The pervasive decline in ankle power generation, even in otherwise healthy older adults, plays a central role in the deterioration of walking abilit with age. However, muscle strengthening alone generally fails to significantly improve the walking ability of older adults, suggesting that factors other than sarcopenia contribute to the decline in plantarflexor power with age. I propose to investigate the relevance of age-related changes in Achilles tendon mechanics and their implications for walking ability in older adults. The premise of this study is that the aging Achilles tendon exhibits altered in vivo behavior that greatly diminishes the ability to optimally coordinate the ankle plantarflexor muscles during the push-off phase of gait. Preliminary data suggest that the superficial and deep Achilles tendon fascicles exhibit distinctly different displacements, likely due to inter- fascicle sliding, which ay be critical for optimally coordinating the forces from the individual plantarflexor muscles. Moreover, these data show evidence that advancing age brings much more uniform tendon tissue motion, which may arise from inter-fascicle adhesions within the Achilles tendon. The overall hypothesis of this research is that greater fascicle adhesions within the Achilles tendon of older adults bring more uniform tendon deformations that reduce the capacity for optimally coordinating the individual plantarflexor muscles, thereby compromising plantarflexor power and thus gait performance. The approach utilizes novel advances in imaging biomechanics and computational modeling to investigate age-related changes in Achilles tendon mechanics and function, and to predict the ramifications for walking ability in older adults. Following are the specific aims.
Aim 1 will use an advanced ultrasound elastography approach to determine if advancing age is accompanied by greater Achilles tendon strain uniformity, a potentially important factor to consider as a mechanism for age- related walking ability limitations.
Aim 2 will use an innovative combination of ultrasound elastography and electrical muscle stimulation to reveal if greater fascicle adhesions within the Achilles tendon of older adults bring more uniform deformations between the deep and superficial portions of the tendon. Finally, Aim 3 will incorporate the findings from Aims 1 and 2 into muscle-actuated forward dynamic simulations to predict changes in plantarflexor function during walking in older adults. This research will investigate for the first time the age-related changes in localized Achilles tendon strain distributions (Aim 1), their underlying mechanisms (Aim 2), and the ramifications for walking ability in older adults (Aim 3). Successful completion of these aims will contribute to an enhanced scientific understanding of age-related declines in walking ability and point to specific opportunities where more appropriate therapies could prolong independence and thus enhance quality of life in older adults.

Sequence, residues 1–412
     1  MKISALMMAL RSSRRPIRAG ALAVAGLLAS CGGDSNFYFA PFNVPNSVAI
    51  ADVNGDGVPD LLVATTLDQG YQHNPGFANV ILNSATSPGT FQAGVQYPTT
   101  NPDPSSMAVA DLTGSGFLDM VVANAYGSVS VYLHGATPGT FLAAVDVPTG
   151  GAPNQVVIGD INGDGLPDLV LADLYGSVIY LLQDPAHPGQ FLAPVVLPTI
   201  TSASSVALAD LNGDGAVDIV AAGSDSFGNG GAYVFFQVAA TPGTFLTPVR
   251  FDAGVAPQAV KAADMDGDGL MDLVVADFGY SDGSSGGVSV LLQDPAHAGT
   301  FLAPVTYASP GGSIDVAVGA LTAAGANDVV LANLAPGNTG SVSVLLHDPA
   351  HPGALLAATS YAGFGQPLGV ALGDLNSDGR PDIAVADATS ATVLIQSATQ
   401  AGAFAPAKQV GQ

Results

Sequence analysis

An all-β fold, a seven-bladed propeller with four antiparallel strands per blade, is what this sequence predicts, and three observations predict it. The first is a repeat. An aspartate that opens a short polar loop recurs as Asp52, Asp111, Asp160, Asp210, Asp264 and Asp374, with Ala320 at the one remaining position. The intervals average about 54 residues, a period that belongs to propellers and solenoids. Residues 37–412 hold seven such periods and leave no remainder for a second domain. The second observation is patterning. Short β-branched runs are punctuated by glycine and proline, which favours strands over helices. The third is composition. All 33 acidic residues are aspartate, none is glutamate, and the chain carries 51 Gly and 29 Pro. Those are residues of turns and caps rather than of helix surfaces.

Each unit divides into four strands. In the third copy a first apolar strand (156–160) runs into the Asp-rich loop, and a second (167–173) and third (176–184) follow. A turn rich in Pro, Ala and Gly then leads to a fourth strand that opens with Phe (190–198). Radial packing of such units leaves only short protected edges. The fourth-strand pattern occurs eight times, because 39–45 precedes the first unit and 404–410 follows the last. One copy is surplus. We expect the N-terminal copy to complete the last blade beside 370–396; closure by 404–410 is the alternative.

Public Health Relevance

The premise of this study is that the aging Achilles tendon exhibits altered behavior that greatly diminishes the ability to optimally coordinate the ankle plantarflexor muscles during the push-off phase of gait. The experimental approach combines advanced tissue imaging with experimental and computational techniques to investigate age-related changes in Achilles tendon mechanics and how they may compromise walking ability in older adults. The expected results will lead to an enhanced scientific understanding of age-related impairments in walking ability and point to specific opportunities where more appropriate therapies could prolong independent walking ability and thus enhance quality of life in older adults.

Agency
National Institute of Health (NIH)
Institute
National Institute on Aging (NIA)
Type
Postdoctoral Individual National Research Service Award (F32)
Project #
1F32AG044904-01
Application #
8524190
Study Section
Special Emphasis Panel (ZRG1-F10B-S (20))
Program Officer
Joseph, Lyndon
Project Start
2013-06-01
Project End
2016-05-31
Budget Start
2013-06-01
Budget End
2014-05-31
Support Year
1
Fiscal Year
2013
Total Cost
$49,946
Indirect Cost
Name
University of Wisconsin Madison
Department
Engineering (All Types)
Type
Schools of Engineering
DUNS #
161202122
City
Madison
State
WI
Country
United States
Zip Code
53715